Overtreating Hypothyroidism: Link to Atrial Fibrillation

Nancy A. Melville
November 12, 2018

For patients with hypothyroidism, being treated with too much medication could lead to an increased risk of atrial fibrillation, a new study of more than 174,000 patients indicates.

Elevated levels of the thyroid hormone free thyroxine (free T4) — even within the upper levels of normal reference ranges — were associated with an increased risk of atrial fibrillation in the study, suggesting the possible need for redefining the safest reference ranges in hypothyroidism treatment, according to the work presented here at the American Heart Association (AHA) Scientific Sessions 2018.

"We know patients with hypothyroidism have a higher risk of atrial fibrillation, but we didn't consider increased risk within what's considered the normal range of thyroid hormones," lead author Jeffrey L. Anderson, MD, distinguished clinical and research physician with the Intermountain Medical Center Heart Institute, Salt Lake City, Utah, said in a press statement from his institution.

"These findings show we might want to reconsider what we call 'normal'," he said.

Recent novel findings (J Clin Endocrinol Metab. 2015;100:3718-3724) from the prospective Rotterdam Study and a subsequent analysis published in Circulation, as reported by Medscape Medical News, showed that elevated free T4 levels — but not thyroid stimulating hormone (TSH, a common standard measure of thyroid hormone levels) — still within the normal reference range were linked to an increased risk of atrial fibrillation prevalence and incidence.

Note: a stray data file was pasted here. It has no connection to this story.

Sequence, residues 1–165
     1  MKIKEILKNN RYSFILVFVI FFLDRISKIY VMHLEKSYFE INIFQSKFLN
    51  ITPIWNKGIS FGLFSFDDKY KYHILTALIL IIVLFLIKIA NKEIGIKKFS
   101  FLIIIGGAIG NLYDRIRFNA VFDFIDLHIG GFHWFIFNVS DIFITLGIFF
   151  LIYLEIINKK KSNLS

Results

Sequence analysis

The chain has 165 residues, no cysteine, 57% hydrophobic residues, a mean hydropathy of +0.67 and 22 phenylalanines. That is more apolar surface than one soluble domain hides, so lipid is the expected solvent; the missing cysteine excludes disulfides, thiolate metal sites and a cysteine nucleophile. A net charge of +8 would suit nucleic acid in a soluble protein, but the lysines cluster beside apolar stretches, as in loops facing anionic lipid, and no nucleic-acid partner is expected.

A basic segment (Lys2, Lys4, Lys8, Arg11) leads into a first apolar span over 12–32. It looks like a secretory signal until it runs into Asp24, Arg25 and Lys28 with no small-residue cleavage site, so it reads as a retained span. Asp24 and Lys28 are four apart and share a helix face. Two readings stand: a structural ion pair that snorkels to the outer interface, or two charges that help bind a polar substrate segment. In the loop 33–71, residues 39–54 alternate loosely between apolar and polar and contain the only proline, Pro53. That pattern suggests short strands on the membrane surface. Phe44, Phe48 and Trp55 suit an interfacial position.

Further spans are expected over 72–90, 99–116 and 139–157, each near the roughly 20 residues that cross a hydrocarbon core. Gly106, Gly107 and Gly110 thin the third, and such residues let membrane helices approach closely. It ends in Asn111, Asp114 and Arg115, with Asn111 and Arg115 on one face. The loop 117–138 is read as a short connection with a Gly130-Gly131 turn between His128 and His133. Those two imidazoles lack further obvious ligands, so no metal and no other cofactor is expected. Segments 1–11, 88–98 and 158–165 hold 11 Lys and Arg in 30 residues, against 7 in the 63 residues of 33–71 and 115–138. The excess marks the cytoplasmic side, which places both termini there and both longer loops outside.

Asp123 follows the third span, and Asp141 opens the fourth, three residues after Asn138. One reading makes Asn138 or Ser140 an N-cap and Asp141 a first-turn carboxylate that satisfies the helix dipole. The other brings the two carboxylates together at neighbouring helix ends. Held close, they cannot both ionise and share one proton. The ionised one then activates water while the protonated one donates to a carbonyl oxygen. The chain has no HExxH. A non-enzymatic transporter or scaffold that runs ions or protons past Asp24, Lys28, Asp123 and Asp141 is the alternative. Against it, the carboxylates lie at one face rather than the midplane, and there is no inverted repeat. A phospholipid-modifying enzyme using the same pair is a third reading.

To investigate if the association could be replicated in another large population, Anderson and colleagues evaluated data on 174,914 patients in the Intermountain Health System who had records on free T4 levels but were not on thyroid replacement therapy at study entry.

Importantly, the new findings build on previous evidence by replicating the results in a much larger population, commented Jacqueline Jonklaas, MD, PhD, MPH, an assistant professor in the Division of Endocrinology and Medicine, Georgetown University Medical Center, Washington, DC.

"The clinical significance of this study is the very large number of patients (174,914), thus making their findings with respect to free T4 potentially more robust," she told Medscape Medical News.

Increasing Gradient of AF With Quartiles of 'Normal' Range T4

The patients in the study by Anderson and colleagues were a mean age of 63.8 years and 65% were women. They were followed for a mean of 6.3 years (± 4.4 years).

Among them, 7.4% had free T4 levels below the normal reference range (0.75-1.50 ng/dL), 88.4% had levels in the normal range, and 4.2% had levels above the normal range.

Those in the normal range were further stratified into four subgroups, ranging from low-normal to high-normal (0.75-0.90 ng/dL [normal 1]; 0.91-1.01 ng/dL [normal 2]; 1.02-1.14 ng/dL [normal 3]; and 1.15-1.50 ng/dL [normal 4]).